Updated A brief article from Heise Online appears to say that German Linux distributor SuSE has been hit with a preliminary injunction barring it from distributing its product because an application, or application name, in the distro infringes a copyright.
As Babelfish mercilessly butchers German, we're not quite sure how to interpret the article. Here's a link to the original story for you Germans and polyglots out there. ®
Reg reader Josef Möllers kindly supplied us with the following translation:
After Samba and kIllustrator, yet another open-source-program occupies the time of lawyers. The German lawyer Günther Freiherr von Gravenreuth has won a preliminary injunction at the Munich District Court against the German Linux-distributor SuSE.
The reason seems to be an open-source-software referenced on one of the SuSE-CDs. Apparently Gravenreuth has prohibited the Nurenberg based company from delivering its Linux-distribution, as long as the disputed program name is contained on the disks. SuSE could face serious financial losses if the copies already produced cannot be sold.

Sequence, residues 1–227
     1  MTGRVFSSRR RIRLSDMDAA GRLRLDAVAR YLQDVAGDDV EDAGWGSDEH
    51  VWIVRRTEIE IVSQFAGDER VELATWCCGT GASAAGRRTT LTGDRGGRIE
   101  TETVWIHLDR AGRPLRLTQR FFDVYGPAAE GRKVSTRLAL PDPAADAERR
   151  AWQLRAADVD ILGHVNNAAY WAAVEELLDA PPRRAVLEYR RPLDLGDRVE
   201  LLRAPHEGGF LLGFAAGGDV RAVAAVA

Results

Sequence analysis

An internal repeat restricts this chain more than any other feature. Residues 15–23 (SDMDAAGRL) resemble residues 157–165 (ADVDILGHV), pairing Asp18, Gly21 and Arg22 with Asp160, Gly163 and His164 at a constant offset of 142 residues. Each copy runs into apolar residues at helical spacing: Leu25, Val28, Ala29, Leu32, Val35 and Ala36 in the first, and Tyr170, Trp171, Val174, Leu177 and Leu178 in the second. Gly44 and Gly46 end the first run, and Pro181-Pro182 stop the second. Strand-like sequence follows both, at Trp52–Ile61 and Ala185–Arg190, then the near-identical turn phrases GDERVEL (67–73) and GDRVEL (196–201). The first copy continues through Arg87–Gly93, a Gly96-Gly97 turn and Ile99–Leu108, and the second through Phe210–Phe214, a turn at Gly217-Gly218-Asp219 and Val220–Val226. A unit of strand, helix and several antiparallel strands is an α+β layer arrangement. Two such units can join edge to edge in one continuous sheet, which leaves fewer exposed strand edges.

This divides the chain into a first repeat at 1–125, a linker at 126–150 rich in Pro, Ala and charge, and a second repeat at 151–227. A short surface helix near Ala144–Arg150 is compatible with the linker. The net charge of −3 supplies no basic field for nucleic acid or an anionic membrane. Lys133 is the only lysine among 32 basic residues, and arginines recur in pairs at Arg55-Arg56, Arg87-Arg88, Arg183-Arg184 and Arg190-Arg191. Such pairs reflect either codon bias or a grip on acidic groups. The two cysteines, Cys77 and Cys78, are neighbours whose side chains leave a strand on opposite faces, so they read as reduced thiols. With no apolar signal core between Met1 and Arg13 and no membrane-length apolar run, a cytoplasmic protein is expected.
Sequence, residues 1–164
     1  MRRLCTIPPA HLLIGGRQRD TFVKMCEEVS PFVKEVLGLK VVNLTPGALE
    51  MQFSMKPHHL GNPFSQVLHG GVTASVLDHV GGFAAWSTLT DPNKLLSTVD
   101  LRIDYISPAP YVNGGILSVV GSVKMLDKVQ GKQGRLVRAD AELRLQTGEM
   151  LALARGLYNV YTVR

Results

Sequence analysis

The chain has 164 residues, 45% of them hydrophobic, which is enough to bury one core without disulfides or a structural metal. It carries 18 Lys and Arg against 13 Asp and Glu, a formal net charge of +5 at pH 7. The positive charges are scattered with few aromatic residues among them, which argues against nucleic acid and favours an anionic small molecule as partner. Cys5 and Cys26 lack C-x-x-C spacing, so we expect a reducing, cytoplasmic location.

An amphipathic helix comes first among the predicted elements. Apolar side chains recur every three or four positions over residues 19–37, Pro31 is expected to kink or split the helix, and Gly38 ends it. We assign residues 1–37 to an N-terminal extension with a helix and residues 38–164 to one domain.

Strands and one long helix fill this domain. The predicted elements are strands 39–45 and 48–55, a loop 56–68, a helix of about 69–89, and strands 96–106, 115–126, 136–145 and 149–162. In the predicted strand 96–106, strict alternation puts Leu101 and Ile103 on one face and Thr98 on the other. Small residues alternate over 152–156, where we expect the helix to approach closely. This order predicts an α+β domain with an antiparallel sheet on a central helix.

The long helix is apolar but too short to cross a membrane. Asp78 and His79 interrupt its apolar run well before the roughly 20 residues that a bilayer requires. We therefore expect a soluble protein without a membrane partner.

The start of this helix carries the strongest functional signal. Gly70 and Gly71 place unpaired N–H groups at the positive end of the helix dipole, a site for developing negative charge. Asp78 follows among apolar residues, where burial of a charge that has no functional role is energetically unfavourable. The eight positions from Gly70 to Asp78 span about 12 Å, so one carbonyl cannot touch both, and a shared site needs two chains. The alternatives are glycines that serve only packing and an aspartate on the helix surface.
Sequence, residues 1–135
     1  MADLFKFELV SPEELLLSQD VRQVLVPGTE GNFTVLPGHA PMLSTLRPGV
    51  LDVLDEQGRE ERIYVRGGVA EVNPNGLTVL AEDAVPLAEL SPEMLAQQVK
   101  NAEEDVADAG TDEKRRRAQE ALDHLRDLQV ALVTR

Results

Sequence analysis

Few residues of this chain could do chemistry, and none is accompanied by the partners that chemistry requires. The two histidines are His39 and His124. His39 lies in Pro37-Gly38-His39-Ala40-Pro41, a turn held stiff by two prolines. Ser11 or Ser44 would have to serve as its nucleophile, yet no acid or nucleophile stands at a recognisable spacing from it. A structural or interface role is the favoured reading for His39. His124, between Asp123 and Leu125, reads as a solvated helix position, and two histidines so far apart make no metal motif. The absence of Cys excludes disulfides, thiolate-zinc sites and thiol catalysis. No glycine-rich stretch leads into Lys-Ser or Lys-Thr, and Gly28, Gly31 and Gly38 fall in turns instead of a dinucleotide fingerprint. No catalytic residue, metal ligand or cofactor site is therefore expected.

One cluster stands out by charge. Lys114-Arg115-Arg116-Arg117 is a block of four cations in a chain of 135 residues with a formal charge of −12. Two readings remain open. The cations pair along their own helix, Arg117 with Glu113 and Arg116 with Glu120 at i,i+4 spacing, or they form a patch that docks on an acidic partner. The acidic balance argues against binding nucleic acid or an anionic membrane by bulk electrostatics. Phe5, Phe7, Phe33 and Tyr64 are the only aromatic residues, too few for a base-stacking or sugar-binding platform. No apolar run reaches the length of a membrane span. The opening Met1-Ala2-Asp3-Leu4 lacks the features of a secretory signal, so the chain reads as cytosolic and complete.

Being asked, Freiherr von Gravenreuth confirms the preliminary injunction against the name of the open-source-software, but refuses to give any more details, since his client wishes to get a settlement with "the opponent" and doesn't want to be named. SuSE spokesman Christian Egle says his company will publish a statement in a few days.